The less you do, the more of it you can do. - Scott Hanselman

This is a very recent quote. In fact, Scott Hanselman mentioned very sarcasticly this in his talk about productivity.

He argues, as so many do in recent years, that we try to do too much simultaneously. We shouldn't multi task. Even worse, there is no such thing as multitasking. There is only single tasking and context switching.

Suppose your life's work is composed of projects. Let's look at these projects as an abstract (not-necessarily strictly defined) amount of work. The maximum average amount of work you can put into every project is inversely related to the amount of projects you have running. As a simple illustration, here is a plot of the maximum average number of hours you can put into your projects in function of the amount of projects.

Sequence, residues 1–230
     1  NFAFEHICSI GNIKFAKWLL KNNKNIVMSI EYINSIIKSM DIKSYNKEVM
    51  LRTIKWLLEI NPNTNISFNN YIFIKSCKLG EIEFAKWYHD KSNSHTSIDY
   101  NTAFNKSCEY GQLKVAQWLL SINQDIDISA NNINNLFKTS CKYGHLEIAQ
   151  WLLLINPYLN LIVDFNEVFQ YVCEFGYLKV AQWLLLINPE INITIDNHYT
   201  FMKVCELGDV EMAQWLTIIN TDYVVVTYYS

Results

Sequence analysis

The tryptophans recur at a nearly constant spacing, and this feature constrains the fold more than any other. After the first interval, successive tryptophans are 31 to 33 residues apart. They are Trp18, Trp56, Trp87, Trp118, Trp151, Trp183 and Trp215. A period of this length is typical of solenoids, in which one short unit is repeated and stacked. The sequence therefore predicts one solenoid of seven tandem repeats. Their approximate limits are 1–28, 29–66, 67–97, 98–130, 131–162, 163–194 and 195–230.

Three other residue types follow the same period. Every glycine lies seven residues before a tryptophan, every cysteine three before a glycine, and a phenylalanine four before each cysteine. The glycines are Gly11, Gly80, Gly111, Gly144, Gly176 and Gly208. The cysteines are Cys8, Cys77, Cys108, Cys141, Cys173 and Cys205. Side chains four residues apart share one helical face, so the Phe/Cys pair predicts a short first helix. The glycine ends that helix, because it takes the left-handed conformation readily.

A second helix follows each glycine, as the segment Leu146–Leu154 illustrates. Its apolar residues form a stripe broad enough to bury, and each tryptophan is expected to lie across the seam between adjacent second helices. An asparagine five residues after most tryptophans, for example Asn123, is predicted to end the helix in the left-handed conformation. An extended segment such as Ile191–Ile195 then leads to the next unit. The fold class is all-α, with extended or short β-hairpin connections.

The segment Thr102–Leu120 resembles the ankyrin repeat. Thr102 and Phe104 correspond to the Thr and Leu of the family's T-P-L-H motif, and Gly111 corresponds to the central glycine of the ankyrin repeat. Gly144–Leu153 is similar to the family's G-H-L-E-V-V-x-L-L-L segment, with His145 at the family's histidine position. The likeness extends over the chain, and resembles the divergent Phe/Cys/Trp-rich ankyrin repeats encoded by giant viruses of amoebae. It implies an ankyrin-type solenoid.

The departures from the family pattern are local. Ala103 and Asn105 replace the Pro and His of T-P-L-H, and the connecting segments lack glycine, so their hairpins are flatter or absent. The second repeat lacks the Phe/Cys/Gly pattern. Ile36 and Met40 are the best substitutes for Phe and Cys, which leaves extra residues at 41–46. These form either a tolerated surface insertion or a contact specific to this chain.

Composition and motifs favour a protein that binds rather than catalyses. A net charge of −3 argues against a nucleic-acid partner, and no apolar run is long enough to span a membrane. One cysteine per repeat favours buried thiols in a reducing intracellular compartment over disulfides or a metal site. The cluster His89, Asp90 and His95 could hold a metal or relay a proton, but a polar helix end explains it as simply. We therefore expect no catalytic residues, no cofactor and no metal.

Graph of throughput in terms of the number of things you do per week per number of projects

If you assume that the amount of hours you put into any project is at least somewhat related to the quality of the result, then it's easy to see how having less projects in your life is beneficial your life's work.

Personally, I just love how this explains why some people can do nothing, infinitely.

See what else I do: